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Don’t expect the insurance industry to protect you from climate change — Experts

Banks and insurance experts are reporting that, with 2 ½ months to go, the 2017 Atlantic hurricane season is already one of the most expensive to date for the insurance industry.

. About the time that Hurricane Irma was making landfall in Florida, the chief executive of Lloyd’s of London, Inga Beale, told the Times of London that the recent spate of storms would allow insurers to raise premiums. “Almost in a perverse way,” Beale said, the hurricanes would “benefit the sector.”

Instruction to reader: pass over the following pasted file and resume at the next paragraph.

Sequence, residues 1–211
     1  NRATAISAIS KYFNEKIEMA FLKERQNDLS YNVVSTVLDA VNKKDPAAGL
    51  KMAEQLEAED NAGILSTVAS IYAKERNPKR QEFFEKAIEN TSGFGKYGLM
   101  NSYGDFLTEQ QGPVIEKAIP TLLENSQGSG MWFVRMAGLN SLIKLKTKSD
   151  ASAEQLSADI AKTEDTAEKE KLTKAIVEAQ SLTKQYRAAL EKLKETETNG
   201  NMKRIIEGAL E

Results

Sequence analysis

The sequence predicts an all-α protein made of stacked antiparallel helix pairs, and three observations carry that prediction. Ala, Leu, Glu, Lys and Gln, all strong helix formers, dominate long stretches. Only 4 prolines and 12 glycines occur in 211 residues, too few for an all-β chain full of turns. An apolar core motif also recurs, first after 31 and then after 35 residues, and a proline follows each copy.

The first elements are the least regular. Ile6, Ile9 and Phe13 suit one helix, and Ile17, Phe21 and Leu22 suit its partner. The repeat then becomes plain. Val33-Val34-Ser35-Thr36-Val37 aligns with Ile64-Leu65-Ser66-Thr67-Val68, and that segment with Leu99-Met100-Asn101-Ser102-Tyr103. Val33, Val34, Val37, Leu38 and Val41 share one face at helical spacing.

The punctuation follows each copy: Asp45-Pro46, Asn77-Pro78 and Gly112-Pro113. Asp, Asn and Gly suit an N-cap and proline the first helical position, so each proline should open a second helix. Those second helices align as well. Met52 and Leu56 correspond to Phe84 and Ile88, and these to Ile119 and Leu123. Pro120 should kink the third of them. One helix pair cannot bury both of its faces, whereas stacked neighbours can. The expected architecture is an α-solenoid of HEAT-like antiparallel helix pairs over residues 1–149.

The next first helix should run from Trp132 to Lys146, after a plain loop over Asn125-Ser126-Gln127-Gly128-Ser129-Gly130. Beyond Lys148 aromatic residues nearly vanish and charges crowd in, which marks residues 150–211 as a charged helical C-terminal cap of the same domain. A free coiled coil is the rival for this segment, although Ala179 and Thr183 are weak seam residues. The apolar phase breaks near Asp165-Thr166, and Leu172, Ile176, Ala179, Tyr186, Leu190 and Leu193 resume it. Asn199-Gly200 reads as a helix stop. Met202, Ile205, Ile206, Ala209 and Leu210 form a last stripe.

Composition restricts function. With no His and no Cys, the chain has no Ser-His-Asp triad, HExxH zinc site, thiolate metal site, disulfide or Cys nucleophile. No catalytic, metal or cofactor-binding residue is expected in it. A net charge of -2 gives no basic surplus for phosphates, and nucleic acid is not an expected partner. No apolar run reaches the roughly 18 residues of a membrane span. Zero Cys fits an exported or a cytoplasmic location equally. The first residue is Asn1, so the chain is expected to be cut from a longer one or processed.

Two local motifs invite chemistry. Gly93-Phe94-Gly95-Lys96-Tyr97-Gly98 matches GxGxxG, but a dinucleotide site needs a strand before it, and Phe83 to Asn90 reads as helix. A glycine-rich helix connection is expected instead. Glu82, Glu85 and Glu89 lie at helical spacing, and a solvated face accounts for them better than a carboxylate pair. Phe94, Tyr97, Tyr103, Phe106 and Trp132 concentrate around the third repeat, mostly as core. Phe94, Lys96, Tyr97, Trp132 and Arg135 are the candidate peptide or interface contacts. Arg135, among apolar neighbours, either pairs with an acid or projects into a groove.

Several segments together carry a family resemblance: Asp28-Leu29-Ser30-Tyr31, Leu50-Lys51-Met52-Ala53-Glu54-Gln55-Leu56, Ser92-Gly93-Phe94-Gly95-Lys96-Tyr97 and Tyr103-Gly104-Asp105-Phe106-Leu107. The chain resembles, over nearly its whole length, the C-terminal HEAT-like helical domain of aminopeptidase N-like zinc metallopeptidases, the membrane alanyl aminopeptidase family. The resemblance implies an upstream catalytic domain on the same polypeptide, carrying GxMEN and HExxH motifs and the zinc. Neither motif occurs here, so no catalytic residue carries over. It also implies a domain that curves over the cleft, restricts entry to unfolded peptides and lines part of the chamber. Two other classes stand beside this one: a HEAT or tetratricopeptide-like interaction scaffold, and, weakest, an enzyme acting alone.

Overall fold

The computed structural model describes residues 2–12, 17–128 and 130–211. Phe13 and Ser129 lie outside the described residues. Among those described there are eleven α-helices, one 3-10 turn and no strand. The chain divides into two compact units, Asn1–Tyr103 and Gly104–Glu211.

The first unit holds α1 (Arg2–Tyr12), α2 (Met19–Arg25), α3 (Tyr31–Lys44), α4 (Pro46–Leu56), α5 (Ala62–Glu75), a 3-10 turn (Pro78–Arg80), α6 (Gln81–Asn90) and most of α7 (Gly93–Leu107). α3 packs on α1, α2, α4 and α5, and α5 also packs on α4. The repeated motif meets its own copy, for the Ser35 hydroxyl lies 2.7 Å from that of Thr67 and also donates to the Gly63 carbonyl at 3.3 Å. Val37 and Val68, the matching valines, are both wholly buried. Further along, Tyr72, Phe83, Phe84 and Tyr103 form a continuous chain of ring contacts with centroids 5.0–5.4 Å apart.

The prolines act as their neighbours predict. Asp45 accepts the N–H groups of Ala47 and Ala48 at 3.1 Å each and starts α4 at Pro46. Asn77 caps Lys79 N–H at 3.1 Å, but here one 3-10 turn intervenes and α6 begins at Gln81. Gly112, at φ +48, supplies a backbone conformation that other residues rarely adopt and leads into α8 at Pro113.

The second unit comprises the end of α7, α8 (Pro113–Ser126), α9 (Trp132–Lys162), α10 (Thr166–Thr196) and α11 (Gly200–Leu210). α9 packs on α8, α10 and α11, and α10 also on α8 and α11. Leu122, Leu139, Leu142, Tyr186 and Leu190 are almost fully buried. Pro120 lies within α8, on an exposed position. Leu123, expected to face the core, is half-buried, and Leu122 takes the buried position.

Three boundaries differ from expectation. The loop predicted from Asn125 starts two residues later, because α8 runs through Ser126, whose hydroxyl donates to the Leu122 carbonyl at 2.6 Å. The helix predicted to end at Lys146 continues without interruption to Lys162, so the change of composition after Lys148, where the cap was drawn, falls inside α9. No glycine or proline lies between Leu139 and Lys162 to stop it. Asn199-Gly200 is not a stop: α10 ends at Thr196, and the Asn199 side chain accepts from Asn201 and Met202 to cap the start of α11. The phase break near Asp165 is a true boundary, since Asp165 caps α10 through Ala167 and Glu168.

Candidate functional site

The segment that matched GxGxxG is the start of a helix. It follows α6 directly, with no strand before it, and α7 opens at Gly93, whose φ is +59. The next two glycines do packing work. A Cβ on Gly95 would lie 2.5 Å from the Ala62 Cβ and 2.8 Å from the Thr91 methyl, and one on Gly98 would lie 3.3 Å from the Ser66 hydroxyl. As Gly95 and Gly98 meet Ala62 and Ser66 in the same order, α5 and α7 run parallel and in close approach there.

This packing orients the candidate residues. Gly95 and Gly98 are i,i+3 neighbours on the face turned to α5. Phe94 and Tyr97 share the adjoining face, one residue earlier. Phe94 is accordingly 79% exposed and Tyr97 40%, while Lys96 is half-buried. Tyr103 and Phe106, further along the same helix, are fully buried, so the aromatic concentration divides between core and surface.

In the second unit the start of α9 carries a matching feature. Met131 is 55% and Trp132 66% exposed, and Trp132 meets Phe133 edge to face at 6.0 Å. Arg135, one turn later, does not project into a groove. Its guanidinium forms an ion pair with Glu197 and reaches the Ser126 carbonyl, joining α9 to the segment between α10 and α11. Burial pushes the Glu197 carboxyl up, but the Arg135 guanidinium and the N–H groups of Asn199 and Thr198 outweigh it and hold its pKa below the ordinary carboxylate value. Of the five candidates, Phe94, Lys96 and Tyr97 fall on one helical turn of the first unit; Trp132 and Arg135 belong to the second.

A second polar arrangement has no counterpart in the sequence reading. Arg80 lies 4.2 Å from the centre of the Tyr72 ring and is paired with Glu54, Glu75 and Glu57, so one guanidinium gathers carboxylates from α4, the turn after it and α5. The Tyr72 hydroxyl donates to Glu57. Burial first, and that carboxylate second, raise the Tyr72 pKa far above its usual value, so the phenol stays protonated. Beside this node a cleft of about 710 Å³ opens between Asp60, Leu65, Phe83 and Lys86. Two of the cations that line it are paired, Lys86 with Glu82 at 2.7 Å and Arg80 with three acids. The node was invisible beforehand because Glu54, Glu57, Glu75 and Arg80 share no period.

Perverse indeed. Insurance companies have figured out how to make a handsome profit from large-scale disasters. Raising premiums isn’t the only way they do it. They also shed unprofitable neighborhoods and policyholders, leaving public treasuries to fill the void.

In the wake of Harvey and Irma, insurance providers, including the government-administered National Flood Insurance Program, are sure to spend vast sums to help restock coastlines with mansions, yacht-filled harbors.




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